It’s not a secret the computer and Internet have become the bare necessities of modern life: Many of us are used to relying on these technologies for myriads of important activities, including work, banking, shopping, personal and business communication. And, to say the least, it’s not really fun when your PC suddenly starts acting like a slowpoke or just behaving stark raving mad: it can be actually so annoying that you end up hating the whole world and everyone in it. The most common reason for such havoc is malware that somehow always finds a way to sneak into your system.
The term malware is used to describe a broad category of damaging software such as viruses, adware, spyware, worms, Trojan horses, etc. Many of such programs can reinstall themselves even after you have removed them, or hide deep within Windows, being very difficult to get rid of and causing everything from simple irritation or software/hardware crashes to all kinds of identity theft. Of course, anti-virus developers are constantly racing against hackers in a never-ending effort to stand up to their malicious attacks, but, if truth be told, the best way to combat malware is simply to prevent it from ever being installed.
As a matter of fact, malware is often hidden in the software or shareware you download from the Internet. That’s why before installing any program you’ve downloaded, it’s important to make sure that it id trustworthy. But how can one determine that? No, it is not about your gut feeling. The digital signature lets you know the origin of the program so that you can verify who created it and decide whether it is safe to install or run. It also protects its code from being changed or corrupted and prevents hackers from distributing their destructive software using someone else’s name. To make things clear, let’s find out how digital signing works.
A digital signature is actually based on a digital certificate. It is an electronic document issued by a trusted third party called certificate authority, which verifies a software developer’s identity, who, in turn, submits certain proof documentation and signs a pledge not to distribute malicious code. When this certificate is requested, a pair of special keys is generated, which consists of a public key and a private one. The private key stays on the requester’s computer and is not shared with anyone, while the public key is submitted to the certificate authority with the certificate request. After the certificate is issued, the developer signs his/her code using the private key associated with that public key.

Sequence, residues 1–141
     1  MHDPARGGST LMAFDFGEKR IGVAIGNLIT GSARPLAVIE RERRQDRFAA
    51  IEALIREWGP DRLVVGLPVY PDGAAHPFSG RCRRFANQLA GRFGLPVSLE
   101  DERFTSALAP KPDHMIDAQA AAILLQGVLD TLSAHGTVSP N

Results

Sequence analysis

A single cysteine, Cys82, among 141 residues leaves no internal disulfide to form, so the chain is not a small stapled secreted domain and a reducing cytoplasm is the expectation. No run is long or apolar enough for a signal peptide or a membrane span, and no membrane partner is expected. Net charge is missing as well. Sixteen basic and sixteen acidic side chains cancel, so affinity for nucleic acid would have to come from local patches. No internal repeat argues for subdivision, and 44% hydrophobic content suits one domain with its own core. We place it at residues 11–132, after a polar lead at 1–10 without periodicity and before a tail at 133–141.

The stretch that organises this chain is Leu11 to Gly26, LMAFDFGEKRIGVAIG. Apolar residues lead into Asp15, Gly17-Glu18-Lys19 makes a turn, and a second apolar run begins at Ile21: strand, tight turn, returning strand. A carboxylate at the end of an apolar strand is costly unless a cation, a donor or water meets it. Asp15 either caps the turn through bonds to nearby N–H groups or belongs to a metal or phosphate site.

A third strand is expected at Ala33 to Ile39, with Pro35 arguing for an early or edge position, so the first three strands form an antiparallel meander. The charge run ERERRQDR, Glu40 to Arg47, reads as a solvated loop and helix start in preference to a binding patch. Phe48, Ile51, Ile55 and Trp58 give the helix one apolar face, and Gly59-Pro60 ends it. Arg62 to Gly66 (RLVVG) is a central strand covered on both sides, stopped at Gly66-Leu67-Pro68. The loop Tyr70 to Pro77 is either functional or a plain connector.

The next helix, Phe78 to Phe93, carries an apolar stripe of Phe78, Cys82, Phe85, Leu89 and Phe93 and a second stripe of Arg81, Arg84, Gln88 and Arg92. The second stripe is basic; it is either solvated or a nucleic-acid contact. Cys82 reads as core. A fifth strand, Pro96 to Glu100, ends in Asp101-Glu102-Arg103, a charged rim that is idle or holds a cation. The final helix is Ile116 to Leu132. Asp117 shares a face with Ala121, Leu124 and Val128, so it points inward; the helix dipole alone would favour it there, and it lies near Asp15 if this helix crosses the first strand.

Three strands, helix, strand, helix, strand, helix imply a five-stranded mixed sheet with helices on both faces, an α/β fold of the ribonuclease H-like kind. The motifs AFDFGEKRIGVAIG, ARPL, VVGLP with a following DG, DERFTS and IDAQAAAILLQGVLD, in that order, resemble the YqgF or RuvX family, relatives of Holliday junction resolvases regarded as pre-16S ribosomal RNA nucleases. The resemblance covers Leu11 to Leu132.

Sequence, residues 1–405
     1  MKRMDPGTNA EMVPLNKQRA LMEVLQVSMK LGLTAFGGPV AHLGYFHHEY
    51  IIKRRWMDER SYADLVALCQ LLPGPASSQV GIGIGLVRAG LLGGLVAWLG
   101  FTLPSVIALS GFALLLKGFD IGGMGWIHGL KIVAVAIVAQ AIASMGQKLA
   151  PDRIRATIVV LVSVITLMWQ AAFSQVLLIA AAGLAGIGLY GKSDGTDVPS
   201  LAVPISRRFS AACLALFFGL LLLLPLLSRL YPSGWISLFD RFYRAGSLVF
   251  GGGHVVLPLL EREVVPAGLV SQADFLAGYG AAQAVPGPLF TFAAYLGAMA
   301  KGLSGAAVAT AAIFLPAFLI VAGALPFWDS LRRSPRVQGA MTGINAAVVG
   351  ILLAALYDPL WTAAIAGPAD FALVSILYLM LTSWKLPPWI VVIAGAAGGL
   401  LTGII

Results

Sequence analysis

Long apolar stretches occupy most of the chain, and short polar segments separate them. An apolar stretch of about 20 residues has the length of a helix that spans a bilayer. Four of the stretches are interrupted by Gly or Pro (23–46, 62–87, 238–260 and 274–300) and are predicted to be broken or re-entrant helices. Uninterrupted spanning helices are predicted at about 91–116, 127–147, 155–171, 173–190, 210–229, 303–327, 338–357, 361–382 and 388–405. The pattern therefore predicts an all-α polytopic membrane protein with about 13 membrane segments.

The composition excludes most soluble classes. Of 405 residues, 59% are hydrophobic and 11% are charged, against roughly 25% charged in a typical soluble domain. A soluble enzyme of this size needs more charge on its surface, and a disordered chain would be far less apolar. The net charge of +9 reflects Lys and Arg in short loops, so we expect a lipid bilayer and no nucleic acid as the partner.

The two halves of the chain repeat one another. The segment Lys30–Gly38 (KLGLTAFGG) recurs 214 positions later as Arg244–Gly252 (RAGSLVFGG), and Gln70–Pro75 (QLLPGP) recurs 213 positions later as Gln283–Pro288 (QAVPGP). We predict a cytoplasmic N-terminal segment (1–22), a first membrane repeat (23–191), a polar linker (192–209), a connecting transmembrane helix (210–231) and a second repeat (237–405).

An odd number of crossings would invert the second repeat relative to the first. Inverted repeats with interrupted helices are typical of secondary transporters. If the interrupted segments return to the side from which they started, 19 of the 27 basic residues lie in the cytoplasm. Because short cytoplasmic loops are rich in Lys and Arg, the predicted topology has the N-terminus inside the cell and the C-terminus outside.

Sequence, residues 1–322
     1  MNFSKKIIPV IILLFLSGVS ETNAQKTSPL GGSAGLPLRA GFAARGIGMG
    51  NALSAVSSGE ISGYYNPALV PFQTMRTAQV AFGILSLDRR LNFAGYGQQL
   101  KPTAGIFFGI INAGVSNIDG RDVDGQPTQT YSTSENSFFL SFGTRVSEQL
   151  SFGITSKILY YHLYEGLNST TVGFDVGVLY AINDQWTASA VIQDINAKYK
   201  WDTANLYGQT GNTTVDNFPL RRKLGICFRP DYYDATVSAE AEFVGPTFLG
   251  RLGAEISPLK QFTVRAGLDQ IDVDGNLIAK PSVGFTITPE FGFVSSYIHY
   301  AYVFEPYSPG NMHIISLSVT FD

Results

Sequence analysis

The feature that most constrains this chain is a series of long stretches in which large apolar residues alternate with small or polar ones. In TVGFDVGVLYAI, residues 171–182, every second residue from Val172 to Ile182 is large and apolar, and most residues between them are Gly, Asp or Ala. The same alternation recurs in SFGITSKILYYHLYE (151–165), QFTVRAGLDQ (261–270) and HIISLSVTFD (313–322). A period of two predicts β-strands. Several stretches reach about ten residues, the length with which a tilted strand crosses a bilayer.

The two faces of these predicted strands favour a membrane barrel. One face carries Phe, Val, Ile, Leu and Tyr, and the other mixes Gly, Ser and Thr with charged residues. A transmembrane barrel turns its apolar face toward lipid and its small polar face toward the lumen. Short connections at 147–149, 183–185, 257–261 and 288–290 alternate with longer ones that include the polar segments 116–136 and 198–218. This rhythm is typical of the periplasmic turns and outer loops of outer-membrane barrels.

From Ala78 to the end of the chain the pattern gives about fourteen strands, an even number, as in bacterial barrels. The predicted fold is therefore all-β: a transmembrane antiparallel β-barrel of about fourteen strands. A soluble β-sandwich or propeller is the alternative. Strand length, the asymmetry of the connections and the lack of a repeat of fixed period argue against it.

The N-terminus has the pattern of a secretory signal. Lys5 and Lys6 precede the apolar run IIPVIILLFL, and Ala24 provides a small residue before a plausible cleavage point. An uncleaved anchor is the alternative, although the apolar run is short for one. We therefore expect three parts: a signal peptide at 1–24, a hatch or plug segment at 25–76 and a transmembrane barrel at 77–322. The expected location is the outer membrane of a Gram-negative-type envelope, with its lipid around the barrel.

When you download the signed code, you get a copy of the certificate verifying the identity of the author/publisher. Your browser then verifies the digital signature, and your system knows that the code did indeed come from that particular developer. If the developer’s private key becomes compromised, the certificate can be revoked and the certificate authority will issue a new certificate to the developer, who will then sign the code with this new private key.
If a file gets corrupted during download, infected by malware or modified by someone else, the digital signature becomes invalid, as a digitally signed program cannot be altered in any way without invalidating the digital signature. Thus, if the digital signature is fine, you’re assured that the program is exactly as it was when the developer signed it. But where can the ordinary user find and check that mysterious signature? Fortunately, you don’t need expert knowledge or special training.
Remember those annoying Windows (User Account Control) pop-ups that warn us about the risks of installing or running unsigned applications? Yes, everyone has probably seen this type of alert, however, for some reason, we decide to ignore them and allow the file to run anyway without a second thought. But, as it turns out, UAC shows a different dialog box for digitally signed software and non-signed one, protecting your PC from possible harm caused by suspicious software. Sure, a hacker is also theoretically able to get a code signing certificate and sign a virus, but that makes him or her legally accountable for such actions. And why should they even bother if there is still an army of users who will carelessly click “yes” without even reading the UAC message?
To put it briefly, when downloading any software onto your computer, one should pay attention to its digital signature. If an application is being distributed anonymously or by some questionable company, you should really think twice for it is very likely to trick you into installing things you don’t want, and you never know what you may end up with. Remember the old proverb? Prevention is better than cure. Thus, make sure that you download programs that come only from reputable sources.